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Coronavirus

Oxford vaccine fuels optimism in India as cases soar past million

Trials expected to start soon in world's third worst-hit country by pandemic

A research scientist works inside a laboratory at Serum Institute of India, the world's largest maker of vaccines, in the city of Pune on May 18.   © Reuters

NEW DELHI -- India, which has reported over a million cases of the novel coronavirus, is expected to soon be part of human trials for an Oxford University vaccine which has shown encouraging results in early stages of clinical testing.

Serum Institute of India, the world's largest vaccine-maker based in the western Indian city of Pune, has a production agreement with British pharmaceutical company AstraZeneca -- which has partnered with Oxford in the COVID-19 vaccine development -- to manufacture their product in India once a successful candidate emerges.

The Indian institute is expected to manufacture up to a billion doses of such a COVID-19 vaccine annually for India and other low-income countries.

The Oxford-AstraZeneca vaccine showed a robust immune response in the early phases of its trial during which it was tested on 1,077 participants between the ages of 18 and 55, according to findings published Monday in The Lancet medical journal.

"The trials have shown promising results and we are extremely happy about it," Adar Poonawalla, the CEO of Serum Institute of India, said in a statement.

"We will be applying for the licensure trials to the Indian regulator in a week's time," Poonawalla said. "As soon as they grant us permission, we will begin with the trials for the vaccine in India. In addition, we will soon start manufacturing the vaccine in large volumes."

The vaccine's late-stage Phase 2 and Phase 3 trials, currently underway in the U.K., Brazil and South Africa, are also due to start in the U.S.

India, the world's third worst-hit country by the pandemic after the U.S. and Brazil, has so far confirmed over 1.15 million COVID-19 infections and more than 28,000 deaths.

Meanwhile, the country has also started human trials of its first Indigenous vaccine candidate called Covaxin and that is being developed by pharmaceutical company Bharat Biotech in collaboration with the Indian Council of Medical Research, or ICMR. Zydus Cadila is another Indian company which has received regulatory approval to conduct human trials.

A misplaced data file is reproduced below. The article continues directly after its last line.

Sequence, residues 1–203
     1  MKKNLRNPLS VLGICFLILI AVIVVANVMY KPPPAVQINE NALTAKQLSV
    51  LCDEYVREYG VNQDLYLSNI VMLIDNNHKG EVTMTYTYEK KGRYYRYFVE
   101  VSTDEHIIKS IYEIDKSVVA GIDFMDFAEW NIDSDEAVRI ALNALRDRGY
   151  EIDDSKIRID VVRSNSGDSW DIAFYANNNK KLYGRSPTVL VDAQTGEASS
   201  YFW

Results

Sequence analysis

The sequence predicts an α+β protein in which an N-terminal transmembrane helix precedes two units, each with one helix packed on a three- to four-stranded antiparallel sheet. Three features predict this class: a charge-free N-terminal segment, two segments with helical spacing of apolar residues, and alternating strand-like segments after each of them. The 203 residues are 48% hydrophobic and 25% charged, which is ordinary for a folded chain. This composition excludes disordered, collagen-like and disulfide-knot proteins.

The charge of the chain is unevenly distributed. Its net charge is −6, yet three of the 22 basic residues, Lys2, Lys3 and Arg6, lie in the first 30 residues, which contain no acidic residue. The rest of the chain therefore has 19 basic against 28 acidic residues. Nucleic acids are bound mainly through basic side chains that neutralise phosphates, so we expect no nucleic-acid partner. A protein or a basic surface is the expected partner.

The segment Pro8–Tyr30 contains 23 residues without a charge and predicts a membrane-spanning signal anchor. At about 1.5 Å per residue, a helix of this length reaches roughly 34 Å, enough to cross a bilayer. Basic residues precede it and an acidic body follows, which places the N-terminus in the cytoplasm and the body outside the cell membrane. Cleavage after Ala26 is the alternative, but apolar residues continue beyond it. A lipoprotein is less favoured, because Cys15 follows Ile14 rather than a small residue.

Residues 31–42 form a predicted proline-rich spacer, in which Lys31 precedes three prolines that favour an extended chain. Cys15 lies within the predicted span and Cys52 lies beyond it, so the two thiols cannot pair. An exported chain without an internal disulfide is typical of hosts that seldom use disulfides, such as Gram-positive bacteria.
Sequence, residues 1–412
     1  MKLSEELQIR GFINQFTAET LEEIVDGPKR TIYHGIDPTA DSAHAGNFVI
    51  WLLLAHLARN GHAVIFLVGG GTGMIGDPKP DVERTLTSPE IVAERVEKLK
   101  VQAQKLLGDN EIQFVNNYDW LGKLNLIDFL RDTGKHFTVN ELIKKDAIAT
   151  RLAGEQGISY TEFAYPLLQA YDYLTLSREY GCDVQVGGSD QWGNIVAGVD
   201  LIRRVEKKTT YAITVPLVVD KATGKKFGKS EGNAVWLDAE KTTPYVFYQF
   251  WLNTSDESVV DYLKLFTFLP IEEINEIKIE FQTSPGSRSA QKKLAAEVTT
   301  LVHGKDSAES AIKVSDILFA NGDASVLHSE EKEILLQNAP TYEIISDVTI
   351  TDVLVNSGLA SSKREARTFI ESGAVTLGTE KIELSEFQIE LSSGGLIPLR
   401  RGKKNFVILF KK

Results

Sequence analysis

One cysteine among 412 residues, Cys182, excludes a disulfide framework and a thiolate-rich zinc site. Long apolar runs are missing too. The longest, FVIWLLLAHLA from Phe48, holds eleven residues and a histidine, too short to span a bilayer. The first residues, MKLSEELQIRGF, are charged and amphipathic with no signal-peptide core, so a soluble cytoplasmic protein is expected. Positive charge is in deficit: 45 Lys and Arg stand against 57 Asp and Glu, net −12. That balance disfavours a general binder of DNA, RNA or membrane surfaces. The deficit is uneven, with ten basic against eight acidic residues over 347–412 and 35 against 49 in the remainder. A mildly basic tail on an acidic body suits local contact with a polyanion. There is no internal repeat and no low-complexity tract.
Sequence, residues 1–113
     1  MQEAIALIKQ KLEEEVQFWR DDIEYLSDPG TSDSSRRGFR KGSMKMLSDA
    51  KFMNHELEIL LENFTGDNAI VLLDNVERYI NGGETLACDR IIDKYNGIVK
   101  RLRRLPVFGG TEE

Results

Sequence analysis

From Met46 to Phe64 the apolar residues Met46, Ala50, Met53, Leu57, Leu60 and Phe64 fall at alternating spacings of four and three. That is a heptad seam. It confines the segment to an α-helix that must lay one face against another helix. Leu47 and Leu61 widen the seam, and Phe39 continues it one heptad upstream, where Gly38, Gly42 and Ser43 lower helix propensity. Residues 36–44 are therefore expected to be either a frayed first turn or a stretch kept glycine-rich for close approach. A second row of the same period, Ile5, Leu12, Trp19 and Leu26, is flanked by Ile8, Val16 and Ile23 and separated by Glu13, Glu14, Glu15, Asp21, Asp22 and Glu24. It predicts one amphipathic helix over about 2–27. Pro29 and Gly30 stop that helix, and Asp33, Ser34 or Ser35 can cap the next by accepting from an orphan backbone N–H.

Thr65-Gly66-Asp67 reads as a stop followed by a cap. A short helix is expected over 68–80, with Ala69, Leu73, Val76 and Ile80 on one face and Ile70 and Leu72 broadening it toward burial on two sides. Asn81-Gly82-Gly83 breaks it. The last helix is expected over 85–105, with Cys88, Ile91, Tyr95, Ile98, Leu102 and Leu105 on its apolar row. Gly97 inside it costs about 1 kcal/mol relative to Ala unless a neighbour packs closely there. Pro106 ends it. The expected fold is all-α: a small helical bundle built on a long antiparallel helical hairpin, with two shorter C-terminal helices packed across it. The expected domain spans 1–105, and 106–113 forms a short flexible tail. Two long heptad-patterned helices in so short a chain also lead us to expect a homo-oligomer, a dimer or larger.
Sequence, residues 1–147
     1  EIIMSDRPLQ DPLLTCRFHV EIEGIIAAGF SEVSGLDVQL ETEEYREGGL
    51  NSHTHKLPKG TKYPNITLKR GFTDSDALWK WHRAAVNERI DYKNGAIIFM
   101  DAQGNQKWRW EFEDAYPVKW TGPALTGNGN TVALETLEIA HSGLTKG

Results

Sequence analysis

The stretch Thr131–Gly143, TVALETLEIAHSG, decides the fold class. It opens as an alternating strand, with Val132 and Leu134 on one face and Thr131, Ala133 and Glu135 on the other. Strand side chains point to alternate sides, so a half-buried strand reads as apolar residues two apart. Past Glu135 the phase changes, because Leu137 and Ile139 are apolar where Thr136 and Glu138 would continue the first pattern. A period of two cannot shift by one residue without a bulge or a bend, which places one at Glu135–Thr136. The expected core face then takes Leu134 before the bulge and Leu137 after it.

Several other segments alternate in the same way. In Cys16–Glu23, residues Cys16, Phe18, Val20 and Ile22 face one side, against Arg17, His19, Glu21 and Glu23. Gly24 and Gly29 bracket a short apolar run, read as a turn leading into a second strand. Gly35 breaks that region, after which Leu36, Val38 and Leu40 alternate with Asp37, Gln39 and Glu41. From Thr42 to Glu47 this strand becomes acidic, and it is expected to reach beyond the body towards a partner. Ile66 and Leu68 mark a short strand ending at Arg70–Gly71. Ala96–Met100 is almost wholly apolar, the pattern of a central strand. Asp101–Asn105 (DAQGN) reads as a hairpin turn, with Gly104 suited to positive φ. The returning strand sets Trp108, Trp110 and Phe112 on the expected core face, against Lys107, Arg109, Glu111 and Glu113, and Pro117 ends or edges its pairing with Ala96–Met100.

The New Delhi-based All India Institute of Medical Sciences, or AIIMS, which is among 12 sites chosen to conduct Phase 1 and Phase 2 of human trials for Covaxin, announced on Monday that it had kick-started the process.

AIIMS Director Randeep Guleria said the vaccine would be tried on a total of 375 volunteers in Phase 1, and 100 of those participants would be recruited by his institute. If found safe in Phase 1, it would then be tested on 750 people in total while Phase 3 would involve a larger population to test the vaccine's efficacy, he added.

The ICMR's July 2 letter to trial sites, which said the target date for launching the vaccine for public use is envisaged as being no later than Aug. 15 "after completion of all clinical trials," had caused controversy.

Health experts called the deadline "unrealistic" and critics of Prime Minister Narendra Modi viewed it as a move to help him score political points on the occasion of the country's Independence Day, which falls on Aug. 15. The ICMR later clarified its position, saying the letter was meant only to cut unnecessary red tape and not bypass any necessary processes.

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